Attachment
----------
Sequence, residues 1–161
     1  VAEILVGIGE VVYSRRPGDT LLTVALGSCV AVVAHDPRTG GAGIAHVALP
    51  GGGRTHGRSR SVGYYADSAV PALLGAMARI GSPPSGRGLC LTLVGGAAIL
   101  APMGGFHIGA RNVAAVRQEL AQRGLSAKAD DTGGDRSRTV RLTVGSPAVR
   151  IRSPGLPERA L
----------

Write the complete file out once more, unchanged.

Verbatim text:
Sequence, residues 1–161
     1  VAEILVGIGE VVYSRRPGDT LLTVALGSCV AVVAHDPRTG GAGIAHVALP
    51  GGGRTHGRSR SVGYYADSAV PALLGAMARI GSPPSGRGLC LTLVGGAAIL
   101  APMGGFHIGA RNVAAVRQEL AQRGLSAKAD DTGGDRSRTV RLTVGSPAVR
   151  IRSPGLPERA L